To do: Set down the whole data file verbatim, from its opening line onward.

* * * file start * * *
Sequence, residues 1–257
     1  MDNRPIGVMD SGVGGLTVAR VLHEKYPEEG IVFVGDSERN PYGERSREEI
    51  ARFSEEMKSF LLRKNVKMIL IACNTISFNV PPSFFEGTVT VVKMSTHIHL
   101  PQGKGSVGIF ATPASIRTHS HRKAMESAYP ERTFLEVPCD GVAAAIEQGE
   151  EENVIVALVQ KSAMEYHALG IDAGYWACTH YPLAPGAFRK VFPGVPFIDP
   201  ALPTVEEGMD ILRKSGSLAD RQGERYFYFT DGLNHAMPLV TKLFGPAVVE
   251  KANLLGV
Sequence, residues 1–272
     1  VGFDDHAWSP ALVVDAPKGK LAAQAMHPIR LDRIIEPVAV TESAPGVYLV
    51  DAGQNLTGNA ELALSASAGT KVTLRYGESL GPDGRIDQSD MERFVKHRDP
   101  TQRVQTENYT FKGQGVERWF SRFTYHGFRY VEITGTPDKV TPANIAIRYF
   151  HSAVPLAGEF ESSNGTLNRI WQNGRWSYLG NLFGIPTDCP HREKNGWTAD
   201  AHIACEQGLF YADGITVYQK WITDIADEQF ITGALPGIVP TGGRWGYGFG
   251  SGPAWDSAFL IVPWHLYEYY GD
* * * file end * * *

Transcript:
Sequence, residues 1–257
     1  MDNRPIGVMD SGVGGLTVAR VLHEKYPEEG IVFVGDSERN PYGERSREEI
    51  ARFSEEMKSF LLRKNVKMIL IACNTISFNV PPSFFEGTVT VVKMSTHIHL
   101  PQGKGSVGIF ATPASIRTHS HRKAMESAYP ERTFLEVPCD GVAAAIEQGE
   151  EENVIVALVQ KSAMEYHALG IDAGYWACTH YPLAPGAFRK VFPGVPFIDP
   201  ALPTVEEGMD ILRKSGSLAD RQGERYFYFT DGLNHAMPLV TKLFGPAVVE
   251  KANLLGV
Sequence, residues 1–272
     1  VGFDDHAWSP ALVVDAPKGK LAAQAMHPIR LDRIIEPVAV TESAPGVYLV
    51  DAGQNLTGNA ELALSASAGT KVTLRYGESL GPDGRIDQSD MERFVKHRDP
   101  TQRVQTENYT FKGQGVERWF SRFTYHGFRY VEITGTPDKV TPANIAIRYF
   151  HSAVPLAGEF ESSNGTLNRI WQNGRWSYLG NLFGIPTDCP HREKNGWTAD
   201  AHIACEQGLF YADGITVYQK WITDIADEQF ITGALPGIVP TGGRWGYGFG
   251  SGPAWDSAFL IVPWHLYEYY GD